Preparing for Marsh Migration

With a CLEAR webinar on SLAMM (Sea level affecting marsh migration) this week by Emily Wilson (UConn CLEAR) and David Kozak (CT DEEP), it is timely to provide an update on the marsh migration buffer we’ve been developing in Stonington Borough.

A small parcel of land was donated to Avalonia Land Conservancy (ALC) and added to the Dodge Paddock Beal Preserve. This parcel was a cultivated garden at the time of donation several years ago.

With migration of the nearby marsh in mind, CT Sea Grant teamed up with ALC and applied for and received a grant from the Long Island Sound Futures Fund.  Led by Preserve Steward, Beth Sullivan, cultivated plants were removed by numerous groups including local garden clubs and the area prepared for native planting (see UConn CLEAR Blog October 2018). Last year at this time, we had sown coastal grass seeds and covered the area with straw for the winter months.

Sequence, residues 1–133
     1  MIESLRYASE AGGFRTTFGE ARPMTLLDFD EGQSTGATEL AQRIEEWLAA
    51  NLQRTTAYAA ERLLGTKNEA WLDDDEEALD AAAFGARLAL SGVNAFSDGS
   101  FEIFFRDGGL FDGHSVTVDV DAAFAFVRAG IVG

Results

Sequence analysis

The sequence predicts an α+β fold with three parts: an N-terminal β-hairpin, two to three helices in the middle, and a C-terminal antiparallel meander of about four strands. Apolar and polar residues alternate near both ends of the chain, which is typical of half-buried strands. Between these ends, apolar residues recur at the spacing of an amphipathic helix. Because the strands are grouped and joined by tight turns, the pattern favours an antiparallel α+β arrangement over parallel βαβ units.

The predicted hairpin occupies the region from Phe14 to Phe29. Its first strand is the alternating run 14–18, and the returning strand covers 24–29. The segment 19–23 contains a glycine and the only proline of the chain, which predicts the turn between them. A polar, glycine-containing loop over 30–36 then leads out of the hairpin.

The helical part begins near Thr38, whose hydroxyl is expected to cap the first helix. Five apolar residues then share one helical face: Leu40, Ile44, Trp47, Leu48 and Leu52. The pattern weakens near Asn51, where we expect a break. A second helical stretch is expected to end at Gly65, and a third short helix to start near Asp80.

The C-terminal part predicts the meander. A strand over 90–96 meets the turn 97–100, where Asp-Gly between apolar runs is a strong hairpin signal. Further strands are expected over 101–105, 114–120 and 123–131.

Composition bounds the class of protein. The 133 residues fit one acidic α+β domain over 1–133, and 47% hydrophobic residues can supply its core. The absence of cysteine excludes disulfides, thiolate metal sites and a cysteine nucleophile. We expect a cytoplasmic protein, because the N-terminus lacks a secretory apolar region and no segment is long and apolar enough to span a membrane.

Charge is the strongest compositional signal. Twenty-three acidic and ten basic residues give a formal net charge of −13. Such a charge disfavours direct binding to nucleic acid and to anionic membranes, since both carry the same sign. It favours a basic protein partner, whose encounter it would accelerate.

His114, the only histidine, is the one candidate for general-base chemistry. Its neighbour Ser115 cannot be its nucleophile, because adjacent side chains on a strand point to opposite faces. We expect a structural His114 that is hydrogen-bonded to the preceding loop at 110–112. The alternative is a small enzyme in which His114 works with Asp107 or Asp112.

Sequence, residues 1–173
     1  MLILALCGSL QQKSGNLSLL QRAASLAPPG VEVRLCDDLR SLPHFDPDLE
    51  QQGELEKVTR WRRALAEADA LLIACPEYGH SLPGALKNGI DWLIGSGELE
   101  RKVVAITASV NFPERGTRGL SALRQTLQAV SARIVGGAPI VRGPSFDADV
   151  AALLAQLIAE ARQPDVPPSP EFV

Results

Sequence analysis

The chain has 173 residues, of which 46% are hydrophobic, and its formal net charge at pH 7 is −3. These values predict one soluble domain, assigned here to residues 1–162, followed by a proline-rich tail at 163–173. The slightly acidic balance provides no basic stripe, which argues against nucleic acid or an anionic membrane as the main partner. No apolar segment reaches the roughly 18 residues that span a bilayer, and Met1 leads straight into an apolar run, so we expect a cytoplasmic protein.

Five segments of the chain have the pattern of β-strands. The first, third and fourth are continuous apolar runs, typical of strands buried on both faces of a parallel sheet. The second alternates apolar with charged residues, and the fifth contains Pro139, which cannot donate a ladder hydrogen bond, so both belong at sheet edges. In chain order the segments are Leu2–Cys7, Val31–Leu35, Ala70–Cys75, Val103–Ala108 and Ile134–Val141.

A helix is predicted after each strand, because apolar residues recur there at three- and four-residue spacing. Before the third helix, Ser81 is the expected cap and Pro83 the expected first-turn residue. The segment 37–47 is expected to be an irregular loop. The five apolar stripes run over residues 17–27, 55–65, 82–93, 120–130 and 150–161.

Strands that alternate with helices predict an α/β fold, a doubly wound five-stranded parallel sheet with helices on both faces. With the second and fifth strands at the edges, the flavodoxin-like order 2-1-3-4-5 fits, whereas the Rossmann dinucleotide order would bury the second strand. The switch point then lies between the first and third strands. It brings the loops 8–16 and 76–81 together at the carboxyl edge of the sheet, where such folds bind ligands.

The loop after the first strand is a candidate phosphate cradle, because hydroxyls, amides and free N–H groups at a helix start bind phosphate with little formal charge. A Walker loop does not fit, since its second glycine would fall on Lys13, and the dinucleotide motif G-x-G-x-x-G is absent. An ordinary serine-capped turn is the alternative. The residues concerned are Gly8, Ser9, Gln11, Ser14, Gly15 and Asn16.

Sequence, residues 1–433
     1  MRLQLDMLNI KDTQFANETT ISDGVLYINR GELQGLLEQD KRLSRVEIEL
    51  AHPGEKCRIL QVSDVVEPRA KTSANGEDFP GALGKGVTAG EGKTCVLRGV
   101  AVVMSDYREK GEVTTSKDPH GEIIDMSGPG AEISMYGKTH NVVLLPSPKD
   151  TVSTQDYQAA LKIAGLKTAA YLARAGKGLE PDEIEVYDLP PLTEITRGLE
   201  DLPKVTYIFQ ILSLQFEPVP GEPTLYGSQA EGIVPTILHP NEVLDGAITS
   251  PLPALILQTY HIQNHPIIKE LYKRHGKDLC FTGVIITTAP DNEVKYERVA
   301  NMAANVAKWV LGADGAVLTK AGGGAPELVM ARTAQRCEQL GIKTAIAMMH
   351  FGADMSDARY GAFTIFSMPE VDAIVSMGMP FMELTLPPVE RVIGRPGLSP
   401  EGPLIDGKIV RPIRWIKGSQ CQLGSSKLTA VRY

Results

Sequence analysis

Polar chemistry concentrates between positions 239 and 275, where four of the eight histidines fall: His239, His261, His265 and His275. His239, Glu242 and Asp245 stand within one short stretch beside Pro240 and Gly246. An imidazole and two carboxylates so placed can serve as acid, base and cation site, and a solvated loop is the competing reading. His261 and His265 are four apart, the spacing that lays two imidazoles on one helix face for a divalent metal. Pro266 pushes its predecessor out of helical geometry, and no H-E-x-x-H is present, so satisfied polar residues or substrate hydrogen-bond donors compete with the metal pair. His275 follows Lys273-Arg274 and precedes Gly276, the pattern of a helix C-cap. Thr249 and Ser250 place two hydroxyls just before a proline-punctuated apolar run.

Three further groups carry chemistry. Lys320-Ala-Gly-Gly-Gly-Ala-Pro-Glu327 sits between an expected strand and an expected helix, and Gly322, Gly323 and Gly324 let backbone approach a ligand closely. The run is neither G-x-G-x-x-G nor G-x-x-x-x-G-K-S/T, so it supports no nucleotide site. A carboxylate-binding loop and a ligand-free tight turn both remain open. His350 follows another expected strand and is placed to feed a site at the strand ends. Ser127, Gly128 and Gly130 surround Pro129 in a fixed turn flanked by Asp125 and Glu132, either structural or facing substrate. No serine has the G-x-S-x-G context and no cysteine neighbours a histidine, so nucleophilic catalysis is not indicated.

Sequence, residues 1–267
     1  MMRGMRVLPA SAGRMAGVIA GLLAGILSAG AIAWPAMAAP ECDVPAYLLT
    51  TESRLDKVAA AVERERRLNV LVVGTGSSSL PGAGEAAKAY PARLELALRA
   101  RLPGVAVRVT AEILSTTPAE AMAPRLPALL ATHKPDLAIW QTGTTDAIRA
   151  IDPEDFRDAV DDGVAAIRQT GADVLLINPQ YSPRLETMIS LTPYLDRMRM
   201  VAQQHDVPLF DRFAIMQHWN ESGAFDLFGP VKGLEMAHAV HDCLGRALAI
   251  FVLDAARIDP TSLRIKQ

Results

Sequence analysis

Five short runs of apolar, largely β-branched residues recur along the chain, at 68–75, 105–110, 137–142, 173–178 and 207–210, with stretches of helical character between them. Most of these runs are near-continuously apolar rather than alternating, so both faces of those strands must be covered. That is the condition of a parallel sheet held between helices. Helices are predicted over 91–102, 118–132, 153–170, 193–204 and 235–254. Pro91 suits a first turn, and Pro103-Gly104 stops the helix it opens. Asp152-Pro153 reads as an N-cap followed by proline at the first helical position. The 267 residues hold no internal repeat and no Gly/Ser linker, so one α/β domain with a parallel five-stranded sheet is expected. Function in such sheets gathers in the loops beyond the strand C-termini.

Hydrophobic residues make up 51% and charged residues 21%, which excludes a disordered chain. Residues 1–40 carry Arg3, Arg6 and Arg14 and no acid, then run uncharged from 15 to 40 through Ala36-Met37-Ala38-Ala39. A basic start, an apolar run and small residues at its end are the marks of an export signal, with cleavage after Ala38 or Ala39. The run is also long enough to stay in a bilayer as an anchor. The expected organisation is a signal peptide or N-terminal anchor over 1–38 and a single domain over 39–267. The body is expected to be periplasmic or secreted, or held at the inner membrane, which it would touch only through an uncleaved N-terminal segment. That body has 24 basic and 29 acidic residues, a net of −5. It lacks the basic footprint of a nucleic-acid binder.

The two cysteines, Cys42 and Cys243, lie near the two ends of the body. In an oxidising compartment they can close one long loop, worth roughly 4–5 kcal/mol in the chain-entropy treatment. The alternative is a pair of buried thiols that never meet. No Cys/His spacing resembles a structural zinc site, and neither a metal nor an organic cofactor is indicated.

This past spring, we were happy to see that the black plastic laid down during the summer of 2018 had killed much of the seed bank, and we didn’t have too many weeds and vegetables popping up. A team of intrepid volunteers dug hole after hole for the many native trees, shrubs and perennials that were purchased for the site. We specifically chose numerous plants with some salt spray or soil salt tolerance for planting in the areas closest to the marsh and most likely to be first impacted by marsh migration. Plants such as beach plum, bayberry, serviceberries and big bluestem are natives with some salt tolerance. The buffer filled in well over the summer months with plenty of rain to help the plants get established. With a bit of weeding and trimming around the plantings, the buffer is ready for winter, and hopefully, no serious flood events.

We will be monitoring this area for the next several years looking at soils, plant cover, and watching out for invasive plants. With several permanent metal stakes in the ground, we can consistently take photographs from the same locations each year and monitor changes over time. As part of our education efforts at the site, engraved plant labels were purchased and put in by the native plants for easy identification by visitors to the area. Find out more about this site and directions to visit at

The newly planted buffer May 2019

The buffer in late August 2019